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The Supreme Court throws out a Trump-era ban on gun bump stocks; a look at how social media algorithms and Shakespearian villains have in common; and states receive federal funding to clean up legacy mine pollution.

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The Supreme Court for now protects access to abortion drug mifepristone, while Senate Republicans block a bill protecting access to in-vitro fertilization. Wisconsin's Supreme Court bans mobile voting sites, and colleges deal with funding cuts as legislatures target diversity programs.

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As summer nears, America's newest and largest international dark sky sanctuary beckons, rural job growth is up, but full recovery remains elusive, rural Americans living in prison towns support a transition, while birth control is more readily available in rural areas.

Advocates: Updated Building Codes Would Save Hoosiers $

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Tuesday, November 14, 2017   

INDIANAPOLIS – Indiana came in pretty low this year on a state scorecard for energy efficiency, and advocates of improving that ranking say consumers are missing out on savings.

They contend the Hoosier State is using outdated building compliance codes, and that modernizing them will help the environment and reduce utility bills. The Indiana Fire Prevention and Building Safety Committee is meeting this week to consider updating those codes.

Monica Cannaley, energy-efficiency organizer for the Sierra Club's Hoosier Chapter, says the national codes are updated every three years, and states are encouraged to update theirs as well, but Indiana is using codes from 2009. The Hoosier State was ranked 40th for energy efficiency by the American Council for an Energy-Efficient Economy.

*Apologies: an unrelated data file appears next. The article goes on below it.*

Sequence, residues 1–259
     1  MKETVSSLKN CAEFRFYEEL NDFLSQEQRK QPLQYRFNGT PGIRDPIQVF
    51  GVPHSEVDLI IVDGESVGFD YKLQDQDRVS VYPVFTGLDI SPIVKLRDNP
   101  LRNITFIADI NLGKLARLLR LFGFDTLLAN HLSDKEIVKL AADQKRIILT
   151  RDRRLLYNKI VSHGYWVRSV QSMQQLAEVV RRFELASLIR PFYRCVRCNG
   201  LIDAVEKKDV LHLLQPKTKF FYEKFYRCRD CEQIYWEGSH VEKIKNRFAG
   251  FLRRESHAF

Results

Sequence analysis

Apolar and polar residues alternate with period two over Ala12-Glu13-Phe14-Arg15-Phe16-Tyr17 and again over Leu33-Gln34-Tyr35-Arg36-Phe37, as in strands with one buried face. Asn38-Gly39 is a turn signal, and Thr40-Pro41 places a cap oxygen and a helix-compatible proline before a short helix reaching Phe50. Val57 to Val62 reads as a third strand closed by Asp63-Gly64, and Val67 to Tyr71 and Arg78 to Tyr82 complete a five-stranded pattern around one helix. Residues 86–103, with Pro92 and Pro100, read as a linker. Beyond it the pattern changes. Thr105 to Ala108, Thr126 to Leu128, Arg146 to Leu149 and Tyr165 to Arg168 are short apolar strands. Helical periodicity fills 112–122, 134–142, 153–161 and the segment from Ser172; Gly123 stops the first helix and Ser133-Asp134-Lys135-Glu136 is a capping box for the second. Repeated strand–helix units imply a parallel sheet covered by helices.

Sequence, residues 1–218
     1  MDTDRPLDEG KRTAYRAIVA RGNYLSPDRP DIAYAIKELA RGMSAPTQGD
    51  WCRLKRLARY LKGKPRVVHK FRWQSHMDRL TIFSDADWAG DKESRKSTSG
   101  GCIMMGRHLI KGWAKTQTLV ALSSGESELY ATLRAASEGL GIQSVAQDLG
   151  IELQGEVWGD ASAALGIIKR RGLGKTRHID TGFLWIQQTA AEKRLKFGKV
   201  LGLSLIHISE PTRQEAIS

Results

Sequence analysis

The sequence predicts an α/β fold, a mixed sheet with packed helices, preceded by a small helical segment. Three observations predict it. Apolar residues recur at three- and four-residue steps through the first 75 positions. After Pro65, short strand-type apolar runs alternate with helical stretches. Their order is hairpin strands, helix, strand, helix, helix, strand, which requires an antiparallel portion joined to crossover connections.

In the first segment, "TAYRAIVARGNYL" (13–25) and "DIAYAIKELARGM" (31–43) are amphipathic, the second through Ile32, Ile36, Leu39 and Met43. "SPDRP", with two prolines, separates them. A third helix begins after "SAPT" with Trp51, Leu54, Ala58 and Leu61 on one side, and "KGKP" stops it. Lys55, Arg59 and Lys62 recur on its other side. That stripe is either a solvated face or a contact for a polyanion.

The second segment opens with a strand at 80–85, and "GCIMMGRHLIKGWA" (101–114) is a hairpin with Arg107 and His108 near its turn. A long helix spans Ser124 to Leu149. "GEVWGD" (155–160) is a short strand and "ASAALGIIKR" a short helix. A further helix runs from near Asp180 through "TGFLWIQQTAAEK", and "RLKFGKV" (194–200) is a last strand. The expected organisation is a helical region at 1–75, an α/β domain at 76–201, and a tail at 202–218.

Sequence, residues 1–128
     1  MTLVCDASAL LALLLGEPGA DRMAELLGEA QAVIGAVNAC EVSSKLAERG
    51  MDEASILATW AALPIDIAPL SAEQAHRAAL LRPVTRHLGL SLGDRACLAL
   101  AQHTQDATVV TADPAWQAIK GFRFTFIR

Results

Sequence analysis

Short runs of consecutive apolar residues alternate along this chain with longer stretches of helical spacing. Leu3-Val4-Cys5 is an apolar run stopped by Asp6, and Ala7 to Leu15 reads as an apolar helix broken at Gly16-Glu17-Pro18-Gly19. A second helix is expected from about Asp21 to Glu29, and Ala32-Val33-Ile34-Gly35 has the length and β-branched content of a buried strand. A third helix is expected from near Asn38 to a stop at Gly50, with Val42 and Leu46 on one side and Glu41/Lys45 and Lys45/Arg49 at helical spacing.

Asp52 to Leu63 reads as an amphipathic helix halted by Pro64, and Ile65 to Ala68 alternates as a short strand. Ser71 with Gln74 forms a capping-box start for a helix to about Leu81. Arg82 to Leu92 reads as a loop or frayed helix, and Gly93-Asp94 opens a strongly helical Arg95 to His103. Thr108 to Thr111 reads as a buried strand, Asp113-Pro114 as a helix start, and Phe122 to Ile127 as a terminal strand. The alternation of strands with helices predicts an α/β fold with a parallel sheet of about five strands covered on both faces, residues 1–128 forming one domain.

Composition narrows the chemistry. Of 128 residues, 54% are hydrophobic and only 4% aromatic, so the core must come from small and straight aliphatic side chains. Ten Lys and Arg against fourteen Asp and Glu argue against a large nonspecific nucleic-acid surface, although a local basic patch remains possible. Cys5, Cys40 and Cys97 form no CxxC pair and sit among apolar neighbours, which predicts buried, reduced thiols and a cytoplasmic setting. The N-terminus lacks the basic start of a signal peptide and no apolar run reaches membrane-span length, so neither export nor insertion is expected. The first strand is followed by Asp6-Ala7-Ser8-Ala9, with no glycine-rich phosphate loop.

"We are behind Michigan (and) Illinois," she notes. "So when it comes to attracting jobs, attracting homeowners, we are behind when it comes to our requirements for new construction."

Cannaley says updated codes help the clean-energy sector. Indiana leads the Midwest in clean-energy job growth, with nearly 48,000 people employed in the industry currently. Clean-energy jobs grew more than five times faster than the overall job market in Indiana between 2015 and 2016, most of it coming from the solar industry.

Cannaley says having outdated codes costs people money, adding that if the 2015 regulations were adopted, a future homeowner or renter could expect to reduce energy-use costs by 21 percent and save more than $400 per year on energy bills.

"We've got people struggling to pay utility bills, and if we can have our new housing stock achieve higher energy efficiency, that benefits homeowners through the life of the home," she explains.

Keeping buildings up to code also helps keep people safe. Cannaley says the energy code affects moisture management, which includes rot, mold, and mildew, indoor air quality, fire safety, extreme weather protection and resiliency of home and buildings. It works in tandem with the other model building codes to ensure safe buildings.

A report about Indiana’s energy efficiency programs can be found here.


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